IBIS 2022 Keynote

Slide from IBIS talk

I will be giving a keynote talk, “The Complexity of Fairness in Information Access”, at the 25th Information-Based Induction Sciences workshop.


Ensuring that information access systems, such as recommender systems and search engines, are “fair” is a complex, multi-faceted problem. Significant progress has been made in recent years on identifying and measuring important forms of unfair recommendation and retrieval, but there are still many ways recommender systems can replicate, exacerbate, or mitigate potentially discriminatory harms that need careful study. These harms can affect different stakeholders — such as the producers and consumers of information, among others — in many different ways, including denying them access to the system’s benefits, misrepresenting them, or reinforcing unhelpful stereotypes.

In this talk, I will provide an overview of the landscape of fairness and anti-discrimination in information access systems, discussing both the state of the art in measuring relatively well-understood harms and new directions and open problems in defining and measuring fairness problems.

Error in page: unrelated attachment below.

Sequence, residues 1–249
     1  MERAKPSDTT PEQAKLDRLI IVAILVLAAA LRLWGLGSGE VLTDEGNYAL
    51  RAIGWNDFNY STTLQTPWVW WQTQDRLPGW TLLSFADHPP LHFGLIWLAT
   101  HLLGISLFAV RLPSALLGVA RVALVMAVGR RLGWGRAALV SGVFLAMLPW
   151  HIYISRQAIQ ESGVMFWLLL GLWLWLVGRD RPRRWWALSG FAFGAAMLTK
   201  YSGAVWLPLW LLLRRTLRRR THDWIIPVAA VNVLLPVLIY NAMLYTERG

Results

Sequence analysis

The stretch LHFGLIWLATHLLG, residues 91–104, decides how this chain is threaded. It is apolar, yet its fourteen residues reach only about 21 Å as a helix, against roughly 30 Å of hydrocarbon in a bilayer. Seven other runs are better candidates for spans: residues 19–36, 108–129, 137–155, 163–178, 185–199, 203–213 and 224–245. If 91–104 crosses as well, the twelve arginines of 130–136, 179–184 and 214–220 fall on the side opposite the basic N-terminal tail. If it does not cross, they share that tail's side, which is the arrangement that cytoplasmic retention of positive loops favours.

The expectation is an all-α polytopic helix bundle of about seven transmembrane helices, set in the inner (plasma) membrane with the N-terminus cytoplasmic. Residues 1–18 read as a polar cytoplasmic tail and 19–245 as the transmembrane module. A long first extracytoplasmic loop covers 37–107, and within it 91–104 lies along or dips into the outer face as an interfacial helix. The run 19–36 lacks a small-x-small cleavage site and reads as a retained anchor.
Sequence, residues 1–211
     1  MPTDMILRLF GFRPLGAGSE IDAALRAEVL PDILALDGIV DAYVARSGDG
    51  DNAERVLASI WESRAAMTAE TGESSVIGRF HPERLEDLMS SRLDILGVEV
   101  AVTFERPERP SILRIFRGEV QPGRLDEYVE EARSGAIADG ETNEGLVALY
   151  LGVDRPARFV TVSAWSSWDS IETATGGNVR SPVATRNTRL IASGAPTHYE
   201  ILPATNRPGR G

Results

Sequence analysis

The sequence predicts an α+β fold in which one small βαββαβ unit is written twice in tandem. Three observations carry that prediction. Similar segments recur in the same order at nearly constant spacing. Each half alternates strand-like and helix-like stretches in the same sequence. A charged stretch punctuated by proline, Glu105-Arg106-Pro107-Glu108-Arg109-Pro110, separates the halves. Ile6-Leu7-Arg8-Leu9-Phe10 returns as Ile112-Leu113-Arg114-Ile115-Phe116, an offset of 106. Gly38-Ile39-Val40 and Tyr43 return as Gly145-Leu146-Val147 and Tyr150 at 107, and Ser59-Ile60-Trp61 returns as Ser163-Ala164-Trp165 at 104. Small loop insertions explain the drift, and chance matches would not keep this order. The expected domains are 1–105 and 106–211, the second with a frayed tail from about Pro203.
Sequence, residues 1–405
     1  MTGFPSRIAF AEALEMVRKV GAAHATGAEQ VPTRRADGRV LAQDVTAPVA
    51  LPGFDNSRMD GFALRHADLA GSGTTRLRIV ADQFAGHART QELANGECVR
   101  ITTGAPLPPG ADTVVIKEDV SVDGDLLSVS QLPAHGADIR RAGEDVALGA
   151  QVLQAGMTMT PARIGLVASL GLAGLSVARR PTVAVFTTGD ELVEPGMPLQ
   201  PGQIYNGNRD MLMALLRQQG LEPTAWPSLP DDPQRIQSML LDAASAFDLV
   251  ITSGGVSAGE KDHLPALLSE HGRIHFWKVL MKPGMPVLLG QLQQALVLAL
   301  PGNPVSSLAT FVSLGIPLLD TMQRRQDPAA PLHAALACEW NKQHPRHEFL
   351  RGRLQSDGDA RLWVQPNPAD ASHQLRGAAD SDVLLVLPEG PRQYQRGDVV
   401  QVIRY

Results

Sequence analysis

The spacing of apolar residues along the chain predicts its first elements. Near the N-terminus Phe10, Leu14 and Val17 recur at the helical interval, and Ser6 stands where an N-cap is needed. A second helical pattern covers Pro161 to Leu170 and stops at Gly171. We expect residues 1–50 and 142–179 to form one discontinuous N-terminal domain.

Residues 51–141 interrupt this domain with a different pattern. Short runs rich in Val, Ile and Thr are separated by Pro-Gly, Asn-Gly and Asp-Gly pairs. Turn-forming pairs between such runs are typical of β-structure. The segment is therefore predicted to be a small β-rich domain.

This talk will draw heavily from our paper:


Michael D. Ekstrand, Anubrata Das, Robin Burke, and Fernando Diaz. 2022. Fairness in Information Access Systems. Foundations and Trends® in Information Retrieval 16(1–2) (July 11th, 2022), 1–177. DOI 10.1561/1500000079. arXiv:2105.05779 [cs.IR]. NSF PAR 10347630. Impact factor: 8. Cited 138 times. Cited 68 times.

This paper is available free (with registration) from doi:10.1561/1500000079 from Nov. 17–21.

This talk also discusses the following work we have published:


Michael D. Ekstrand and Maria Soledad Pera. 2022. Matching Consumer Fairness Objectives & Strategies for RecSys. Presented at the 5th FAccTrec Workshop on Responsible Recommendation (peer-reviewed but not archived). arXiv:2209.02662 [cs.IR]. Cited 3 times. Cited 3 times.